In addition, the Oklahoma Conservation Commission's education program, Blue Thumb, actively promoted programs in the Dugout Creek watershed starting in 2005. A groundwater screening and information session was held in Lincoln County in addition to a volunteer training event held in Payne County. These activities provide vital education of the residents of the area and help facilitate behavior changes. Volunteers are actively monitoring eight sites in the two counties, and education is continuing in the area. 

Results

The Oklahoma Conservation Commission's Rotating Basin Monitoring Program, a statewide nonpoint source ambient monitoring program, documented improved water quality in Dugout Creek due to landowners implementing BMPs. Because of the implemented practices and the accompanying education of landowners, turbidity decreased in the Dugout Creek watershed. In the 2004 assessment, 50 percent of seasonal base flow water samples exceeded the turbidity criteria of 50 NTU. This exceedance was reduced to 29 percent in the 2006 assessment and finally fell to 6 percent in the 2010 assessment (Figure 2). Hence, Dugout Creek has been recommended for removal from Oklahoma's CWA section 303(d) list for its turbidity impairment and is now in full attainment of the fish and wildlife propagation designated use.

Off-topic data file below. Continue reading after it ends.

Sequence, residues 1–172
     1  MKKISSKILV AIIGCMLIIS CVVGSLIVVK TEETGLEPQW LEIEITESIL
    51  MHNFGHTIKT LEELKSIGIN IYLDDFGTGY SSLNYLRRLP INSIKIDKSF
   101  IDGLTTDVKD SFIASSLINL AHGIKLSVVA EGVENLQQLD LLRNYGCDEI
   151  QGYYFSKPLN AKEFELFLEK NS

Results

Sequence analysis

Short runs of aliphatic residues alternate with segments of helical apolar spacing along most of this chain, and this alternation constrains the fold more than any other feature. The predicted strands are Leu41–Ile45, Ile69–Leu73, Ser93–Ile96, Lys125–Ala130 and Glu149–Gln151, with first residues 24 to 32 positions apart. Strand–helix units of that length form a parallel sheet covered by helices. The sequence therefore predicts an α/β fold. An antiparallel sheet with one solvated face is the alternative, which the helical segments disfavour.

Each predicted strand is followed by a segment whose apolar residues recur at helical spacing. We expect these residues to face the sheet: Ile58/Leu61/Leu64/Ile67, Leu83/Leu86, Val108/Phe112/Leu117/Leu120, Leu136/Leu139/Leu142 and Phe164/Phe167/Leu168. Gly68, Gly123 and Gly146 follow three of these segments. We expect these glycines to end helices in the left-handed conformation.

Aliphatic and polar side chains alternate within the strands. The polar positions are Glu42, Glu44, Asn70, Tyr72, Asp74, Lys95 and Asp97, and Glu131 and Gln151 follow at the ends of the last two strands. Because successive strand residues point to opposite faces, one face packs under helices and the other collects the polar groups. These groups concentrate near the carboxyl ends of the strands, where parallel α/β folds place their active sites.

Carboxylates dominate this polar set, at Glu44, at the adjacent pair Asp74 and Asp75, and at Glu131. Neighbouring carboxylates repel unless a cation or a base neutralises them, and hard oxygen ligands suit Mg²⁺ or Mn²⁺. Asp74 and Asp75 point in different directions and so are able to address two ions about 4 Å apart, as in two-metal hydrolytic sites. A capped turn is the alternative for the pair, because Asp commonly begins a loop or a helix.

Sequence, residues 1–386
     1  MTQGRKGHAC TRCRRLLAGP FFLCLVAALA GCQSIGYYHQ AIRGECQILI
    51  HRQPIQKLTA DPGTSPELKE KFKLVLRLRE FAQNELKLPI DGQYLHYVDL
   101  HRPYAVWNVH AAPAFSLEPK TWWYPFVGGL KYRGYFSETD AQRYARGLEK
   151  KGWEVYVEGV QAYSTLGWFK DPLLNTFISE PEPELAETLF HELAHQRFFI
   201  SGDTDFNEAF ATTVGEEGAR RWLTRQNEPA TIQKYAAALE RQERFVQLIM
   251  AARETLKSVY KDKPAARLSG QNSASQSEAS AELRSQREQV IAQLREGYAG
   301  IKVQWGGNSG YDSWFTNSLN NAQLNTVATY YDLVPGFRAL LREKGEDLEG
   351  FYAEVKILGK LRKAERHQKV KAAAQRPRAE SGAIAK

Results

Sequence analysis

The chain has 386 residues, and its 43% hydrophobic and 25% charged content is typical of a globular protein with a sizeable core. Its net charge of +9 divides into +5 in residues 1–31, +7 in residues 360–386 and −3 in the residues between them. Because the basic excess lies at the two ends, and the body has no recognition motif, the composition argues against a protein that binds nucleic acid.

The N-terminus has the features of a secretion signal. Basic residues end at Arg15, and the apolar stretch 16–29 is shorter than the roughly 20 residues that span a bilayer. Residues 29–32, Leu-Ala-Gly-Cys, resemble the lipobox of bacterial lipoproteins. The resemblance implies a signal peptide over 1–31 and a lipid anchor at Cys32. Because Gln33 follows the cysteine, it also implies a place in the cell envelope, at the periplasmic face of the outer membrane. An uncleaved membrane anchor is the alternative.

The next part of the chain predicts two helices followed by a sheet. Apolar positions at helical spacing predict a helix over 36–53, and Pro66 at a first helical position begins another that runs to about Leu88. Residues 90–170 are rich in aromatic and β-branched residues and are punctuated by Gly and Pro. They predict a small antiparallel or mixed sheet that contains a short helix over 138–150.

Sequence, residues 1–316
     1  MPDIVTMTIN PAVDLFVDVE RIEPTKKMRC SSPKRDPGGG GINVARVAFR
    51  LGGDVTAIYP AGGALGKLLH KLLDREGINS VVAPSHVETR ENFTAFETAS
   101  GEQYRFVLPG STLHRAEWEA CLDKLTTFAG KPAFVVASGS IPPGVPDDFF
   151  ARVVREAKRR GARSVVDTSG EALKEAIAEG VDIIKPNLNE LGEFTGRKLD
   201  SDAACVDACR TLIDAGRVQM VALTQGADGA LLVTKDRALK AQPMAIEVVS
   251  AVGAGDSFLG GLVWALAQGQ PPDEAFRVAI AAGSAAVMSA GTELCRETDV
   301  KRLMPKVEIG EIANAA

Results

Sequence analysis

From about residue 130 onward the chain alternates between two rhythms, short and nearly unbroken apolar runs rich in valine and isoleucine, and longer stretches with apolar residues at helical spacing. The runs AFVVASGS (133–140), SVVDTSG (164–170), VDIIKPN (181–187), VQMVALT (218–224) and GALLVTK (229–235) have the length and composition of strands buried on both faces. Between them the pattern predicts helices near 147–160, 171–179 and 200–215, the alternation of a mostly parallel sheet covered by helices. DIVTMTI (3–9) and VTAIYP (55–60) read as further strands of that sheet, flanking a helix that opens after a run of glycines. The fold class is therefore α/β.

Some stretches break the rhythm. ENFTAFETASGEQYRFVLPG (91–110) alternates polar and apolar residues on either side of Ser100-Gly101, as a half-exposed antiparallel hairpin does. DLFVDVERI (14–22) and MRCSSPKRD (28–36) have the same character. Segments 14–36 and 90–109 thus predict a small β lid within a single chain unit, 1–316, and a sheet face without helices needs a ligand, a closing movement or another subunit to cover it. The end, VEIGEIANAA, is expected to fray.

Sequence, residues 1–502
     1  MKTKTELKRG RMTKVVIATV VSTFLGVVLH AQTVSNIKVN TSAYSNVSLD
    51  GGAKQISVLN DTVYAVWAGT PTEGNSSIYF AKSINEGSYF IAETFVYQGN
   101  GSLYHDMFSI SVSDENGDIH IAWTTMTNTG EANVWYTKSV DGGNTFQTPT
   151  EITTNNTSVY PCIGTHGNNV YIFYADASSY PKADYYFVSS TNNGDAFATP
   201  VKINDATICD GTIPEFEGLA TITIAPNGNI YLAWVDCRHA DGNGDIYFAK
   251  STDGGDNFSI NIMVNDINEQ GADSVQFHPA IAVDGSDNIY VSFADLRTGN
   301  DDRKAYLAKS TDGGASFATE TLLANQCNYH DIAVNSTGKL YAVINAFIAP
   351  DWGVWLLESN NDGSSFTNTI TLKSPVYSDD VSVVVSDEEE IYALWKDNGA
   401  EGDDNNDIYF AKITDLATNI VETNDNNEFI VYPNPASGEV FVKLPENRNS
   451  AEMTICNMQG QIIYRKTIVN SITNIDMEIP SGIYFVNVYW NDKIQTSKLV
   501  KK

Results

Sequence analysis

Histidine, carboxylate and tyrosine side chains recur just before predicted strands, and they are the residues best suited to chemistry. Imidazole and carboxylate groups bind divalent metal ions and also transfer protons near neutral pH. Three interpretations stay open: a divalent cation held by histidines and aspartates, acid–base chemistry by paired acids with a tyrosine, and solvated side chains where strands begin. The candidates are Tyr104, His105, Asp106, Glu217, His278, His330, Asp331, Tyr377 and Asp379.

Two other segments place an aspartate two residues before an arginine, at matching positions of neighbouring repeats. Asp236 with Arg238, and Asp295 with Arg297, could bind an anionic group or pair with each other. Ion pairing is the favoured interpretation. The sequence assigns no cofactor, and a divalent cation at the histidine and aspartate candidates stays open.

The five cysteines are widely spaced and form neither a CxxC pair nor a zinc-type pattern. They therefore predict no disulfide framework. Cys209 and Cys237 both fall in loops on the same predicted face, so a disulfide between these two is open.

Partners and Funding

The Rotating Basin Monitoring Program, which includes both fixed and probabilistic components, is funded through the U.S. Environmental Protection Agency's (EPA's) CWA section 319 program at an average annual cost of $1 million. Monitoring costs include personnel, supplies, and lab analysis for 19 parameters from samples collected every 5 weeks at about 100 sites. In-stream habitat, fish and macroinvertebrate samples are also collected. Approximately $600,000 in EPA CWA section 319 funds supports statewide education, outreach, and monitoring efforts through the Blue Thumb program. The Oklahoma cost-share program provided $9,618 in state funding for BMPs in this watershed through the Lincoln County Conservation District, and landowners contributed $8,528 through this program. The NRCS spent approximately $232,494 for implementation of BMPs in the watershed from 2004-2007. Implementation is continuing, with $194,354 in BMPs obligated in Oklahoma from 2008-2010 through EQIP and NRCS general technical assistance funds. Landowners provided a significant percentage toward BMP implementation in these programs as well.

 This scatter plot shows that turbidity standard exceedances have dropped from 50 percent in 2004, to 29 percent in 2006, and finally to 0 percent in 2010.

Figure 2. Monitoring data showing reduction in turbidity levels in Dugout Creek.